It’s a world system which can be found in your heart. And you can sit in the best church in the world and be a part of Babylon. That’s possible. I’ve seen that through 25 years. People who sit in the best church in the world and they are 100% a part of Babylon. Because it’s in their spirit. They think that because they come out of a system, they are free from it. No, you’re not.

If you love money, whichever church in the world you sit in, you’re a part of Babylon. If you live according to the flesh, whichever church in the world you sit in, you’re an adulteress. You can glory over those other denominations saying, ‘Oh, I don’t worship Mary or things like that. Maybe you worship your sexual lusts. What is the difference?’

So much of deception in Christendom today. Narrow-minded approach, thinking that God only cares for this little group over here. This is how cults are built. The body of Christ is larger than any denomination. God’s people are not found in any denomination today. God has got His people in the Roman Catholic Church. I believe that. There are born-again people there who love the Lord. I don’t agree with the system. I don’t agree with many things in that system. But I don’t deny the fact that God has His people there.

And there are unbelievers in the separated churches. In the best churches, there are unbelievers sitting there. Particularly in the second and third generation. People who don’t know the Lord.

So we must see something of Amos’s vision. God punishes all nations and He gathers people from all nations. And when you look at Amos’s illustrations, his illustrations throughout the book come from his shepherd life. He talks about a bullock cart full of sheaves of corn. He talks about a shepherd trying to rescue bits of a lamb from a lion’s mouth. He talks about caterpillars, how ploughing the fields and locusts and the stars. Showing that he sat observing the greatness of God.

And God gives him a word where He pronounces judgment on rich people. And especially the rich, the wives of the rich people who lived in such luxury in those days. You see, Amos was living at a time when Jeroboam, like it says here, was ruling over Israel. And they did not have many wars in those days at that particular time. Even though Jeroboam was a man who lived in evil.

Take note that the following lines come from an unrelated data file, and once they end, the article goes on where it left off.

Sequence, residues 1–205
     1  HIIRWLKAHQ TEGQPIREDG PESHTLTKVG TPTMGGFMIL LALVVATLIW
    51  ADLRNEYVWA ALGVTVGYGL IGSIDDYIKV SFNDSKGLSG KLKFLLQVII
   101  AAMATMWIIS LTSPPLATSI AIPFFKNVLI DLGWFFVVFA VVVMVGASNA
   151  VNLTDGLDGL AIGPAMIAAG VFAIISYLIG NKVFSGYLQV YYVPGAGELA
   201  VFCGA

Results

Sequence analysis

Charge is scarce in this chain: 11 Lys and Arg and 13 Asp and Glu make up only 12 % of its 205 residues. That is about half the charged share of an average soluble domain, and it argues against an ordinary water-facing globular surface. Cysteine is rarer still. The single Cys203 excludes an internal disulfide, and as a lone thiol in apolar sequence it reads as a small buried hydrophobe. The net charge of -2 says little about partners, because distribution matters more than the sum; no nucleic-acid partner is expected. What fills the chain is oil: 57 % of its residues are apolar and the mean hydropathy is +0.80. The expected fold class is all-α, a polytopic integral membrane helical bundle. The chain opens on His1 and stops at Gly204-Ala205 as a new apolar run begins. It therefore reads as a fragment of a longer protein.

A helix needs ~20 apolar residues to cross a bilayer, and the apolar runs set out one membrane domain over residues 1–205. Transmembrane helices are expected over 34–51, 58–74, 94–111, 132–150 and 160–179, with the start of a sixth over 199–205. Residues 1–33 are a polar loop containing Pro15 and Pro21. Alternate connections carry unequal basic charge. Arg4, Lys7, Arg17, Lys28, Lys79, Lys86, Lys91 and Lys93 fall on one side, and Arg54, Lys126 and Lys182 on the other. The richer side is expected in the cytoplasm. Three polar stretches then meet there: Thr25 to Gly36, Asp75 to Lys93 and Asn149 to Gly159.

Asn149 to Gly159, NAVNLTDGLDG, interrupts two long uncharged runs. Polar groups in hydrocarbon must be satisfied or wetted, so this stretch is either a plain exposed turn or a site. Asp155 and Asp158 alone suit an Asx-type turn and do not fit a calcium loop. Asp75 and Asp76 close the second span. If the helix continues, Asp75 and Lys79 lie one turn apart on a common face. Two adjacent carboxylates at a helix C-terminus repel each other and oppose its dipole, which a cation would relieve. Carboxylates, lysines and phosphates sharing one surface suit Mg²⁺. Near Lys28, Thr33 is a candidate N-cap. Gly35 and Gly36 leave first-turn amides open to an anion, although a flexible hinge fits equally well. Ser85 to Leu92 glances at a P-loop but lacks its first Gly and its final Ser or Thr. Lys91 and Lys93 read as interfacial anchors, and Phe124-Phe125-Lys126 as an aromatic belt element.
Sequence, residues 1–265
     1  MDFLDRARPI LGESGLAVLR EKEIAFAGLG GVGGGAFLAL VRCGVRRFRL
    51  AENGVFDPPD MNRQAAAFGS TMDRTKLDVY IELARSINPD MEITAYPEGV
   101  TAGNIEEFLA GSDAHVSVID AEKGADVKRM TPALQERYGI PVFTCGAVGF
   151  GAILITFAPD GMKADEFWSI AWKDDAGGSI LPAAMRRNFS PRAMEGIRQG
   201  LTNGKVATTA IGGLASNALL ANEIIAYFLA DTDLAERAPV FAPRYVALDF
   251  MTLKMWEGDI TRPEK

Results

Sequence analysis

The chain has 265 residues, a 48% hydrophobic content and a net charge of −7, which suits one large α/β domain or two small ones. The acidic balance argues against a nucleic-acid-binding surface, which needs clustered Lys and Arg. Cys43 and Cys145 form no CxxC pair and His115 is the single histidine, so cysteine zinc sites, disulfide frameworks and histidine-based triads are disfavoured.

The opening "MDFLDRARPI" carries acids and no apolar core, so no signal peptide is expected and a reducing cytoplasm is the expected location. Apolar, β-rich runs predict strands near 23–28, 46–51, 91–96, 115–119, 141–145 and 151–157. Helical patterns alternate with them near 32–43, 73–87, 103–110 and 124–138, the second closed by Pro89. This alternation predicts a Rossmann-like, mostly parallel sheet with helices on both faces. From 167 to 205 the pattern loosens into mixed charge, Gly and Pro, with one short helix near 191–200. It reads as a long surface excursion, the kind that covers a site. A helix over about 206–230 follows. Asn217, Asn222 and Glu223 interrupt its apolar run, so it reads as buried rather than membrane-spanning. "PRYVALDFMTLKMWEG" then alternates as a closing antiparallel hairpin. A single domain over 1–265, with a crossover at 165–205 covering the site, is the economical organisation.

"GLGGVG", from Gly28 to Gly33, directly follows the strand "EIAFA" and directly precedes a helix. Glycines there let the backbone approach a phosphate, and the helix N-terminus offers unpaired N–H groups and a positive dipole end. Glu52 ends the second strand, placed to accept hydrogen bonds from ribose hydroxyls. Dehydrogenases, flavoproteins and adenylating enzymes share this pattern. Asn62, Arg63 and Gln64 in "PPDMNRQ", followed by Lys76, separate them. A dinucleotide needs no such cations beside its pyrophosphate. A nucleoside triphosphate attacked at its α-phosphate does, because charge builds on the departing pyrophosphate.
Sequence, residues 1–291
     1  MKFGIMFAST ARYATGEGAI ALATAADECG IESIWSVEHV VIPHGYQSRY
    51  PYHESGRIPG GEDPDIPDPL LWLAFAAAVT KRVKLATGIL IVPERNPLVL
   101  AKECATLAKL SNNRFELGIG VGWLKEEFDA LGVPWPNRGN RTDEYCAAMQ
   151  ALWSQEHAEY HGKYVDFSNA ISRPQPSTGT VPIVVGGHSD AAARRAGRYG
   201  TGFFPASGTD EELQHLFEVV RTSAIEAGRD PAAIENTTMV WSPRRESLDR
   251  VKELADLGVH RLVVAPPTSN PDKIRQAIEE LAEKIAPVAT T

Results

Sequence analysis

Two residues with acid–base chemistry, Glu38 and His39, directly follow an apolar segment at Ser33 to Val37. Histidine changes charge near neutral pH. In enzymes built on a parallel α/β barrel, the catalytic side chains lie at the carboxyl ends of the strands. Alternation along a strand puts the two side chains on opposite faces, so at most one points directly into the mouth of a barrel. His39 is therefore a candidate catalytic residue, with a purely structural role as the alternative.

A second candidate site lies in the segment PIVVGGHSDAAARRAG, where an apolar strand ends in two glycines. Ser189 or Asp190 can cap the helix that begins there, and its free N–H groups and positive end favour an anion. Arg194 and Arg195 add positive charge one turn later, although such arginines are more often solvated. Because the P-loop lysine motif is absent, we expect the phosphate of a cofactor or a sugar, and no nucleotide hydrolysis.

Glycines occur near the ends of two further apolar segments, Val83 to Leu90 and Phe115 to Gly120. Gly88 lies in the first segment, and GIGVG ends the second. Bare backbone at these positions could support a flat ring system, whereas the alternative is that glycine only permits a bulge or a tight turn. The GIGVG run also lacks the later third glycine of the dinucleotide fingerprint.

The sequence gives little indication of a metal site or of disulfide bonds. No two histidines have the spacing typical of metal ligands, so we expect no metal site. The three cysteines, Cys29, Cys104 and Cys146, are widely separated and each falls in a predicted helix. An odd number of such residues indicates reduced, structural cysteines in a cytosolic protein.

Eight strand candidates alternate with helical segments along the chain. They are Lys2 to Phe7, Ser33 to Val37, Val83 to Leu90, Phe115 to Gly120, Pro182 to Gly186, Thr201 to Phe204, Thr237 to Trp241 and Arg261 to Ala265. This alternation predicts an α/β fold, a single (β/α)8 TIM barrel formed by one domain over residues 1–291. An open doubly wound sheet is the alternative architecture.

And when Israel did not have many enemies, what happened is, it expanded its borders and people engaged in a lot of business. There was not expense on war. The result was people became very, very rich. Some of the things you read in the book of Amos is that there were people who had many houses. The beautiful homes of the wealthy, he says in chapter 3, verse 15. They had winter mansions and summer houses.

Now, only a very rich person can have one house for the summer and another house for the winter. Summer house in the mountains and winter house in the valleys. Rich people, they had very expensive furniture, ivory beds, chapter 6, verse 4. Beds made of ivory. And the same verse, eating the meat of tender lambs and choice calves. They were gluttons. They were drinking, as we read in chapter 4, verse 1.

And along with all this, they were also exploiting poor people. Chapter 2, verse 6. They were selling honest people for silver and selling poor people as slaves, just for a pair of sandals.

So, you see, this is the type of atmosphere in which we can say, communism can breed. You know, for years and years before communism came on the scene. It was exactly like this in many, many countries. The rich people, fantastically rich landlords and exploiting the poor people. You need to get a little picture from all these verses of the type of situation in which Amos lived.

You see, for example, people who were eager, chapter 8, verse 5, for the Sabbath day to be over, so that they could go and do business. Very business minded. Money, money, money. As soon as the Sabbath is over, let me go and continue my business.

They were the wives of the rich people, you read of in chapter 4, verse 1. They are called the fat cows of Samaria. They oppressed the poor and always asking their husbands for another drink. This is the type of situation they lived in.

And what about the rulers among God’s people? The rulers and the leaders, chapter 6, lived in luxury and thinking that they were secure. At the same time, they had a lot of religion. We read, for example, in chapter 4 and verse 4 about their offering sacrifices in Bethel and Gilgal. Of course, they were offering to the idols, but they were offering sacrifices in the morning and they were bringing their tithes every three days and presenting their Thanksgiving offerings and voluntary offerings and all that.

Chapter 4, verse 4 and 5 and many other verses like that, which show that they were a very, very religious people. Chapter 5, verse 21, they had solemn assemblies, special meetings, religious festivals, burnt offerings. Verse 23, hymns of praise. They had praise and worship. The Lord said, ‘it is all a noise in My ears, I will not listen to your music.’ 5:23, ‘no matter how lovely it is, I will not listen to your music, no matter how lovely it is.’

So here is a picture of the type of people to whom Amos was preaching. Rich people, enjoying grand houses, upper middle class people, exploiting poor people and not feeling bad about it. And at the same time, very religious. These rich people were board members in their churches and they were given honorable positions by the pastors and the priests and leaders. Very similar to what is happening in a lot of cities in India today.

It is not popular to go and preach to such people and tell them the truth. Amos had a difficult ministry. There were professional priests like we read in chapter 7 of Amaziah, who confronted this Amos. Amaziah versus Amos. Amaziah, the professional priest, hired by the rich establishment and paid a very good salary by all the rich members in the board because he kept preaching things that would make them happy, keep them happy.